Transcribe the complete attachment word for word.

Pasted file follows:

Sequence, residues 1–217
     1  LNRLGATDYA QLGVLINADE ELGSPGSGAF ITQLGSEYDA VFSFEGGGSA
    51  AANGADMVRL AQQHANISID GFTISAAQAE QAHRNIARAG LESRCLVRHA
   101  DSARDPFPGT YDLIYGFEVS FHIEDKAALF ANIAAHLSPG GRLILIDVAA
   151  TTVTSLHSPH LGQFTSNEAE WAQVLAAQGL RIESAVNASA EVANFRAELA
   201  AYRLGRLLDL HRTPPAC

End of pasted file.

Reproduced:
Sequence, residues 1–217
     1  LNRLGATDYA QLGVLINADE ELGSPGSGAF ITQLGSEYDA VFSFEGGGSA
    51  AANGADMVRL AQQHANISID GFTISAAQAE QAHRNIARAG LESRCLVRHA
   101  DSARDPFPGT YDLIYGFEVS FHIEDKAALF ANIAAHLSPG GRLILIDVAA
   151  TTVTSLHSPH LGQFTSNEAE WAQVLAAQGL RIESAVNASA EVANFRAELA
   201  AYRLGRLLDL HRTPPAC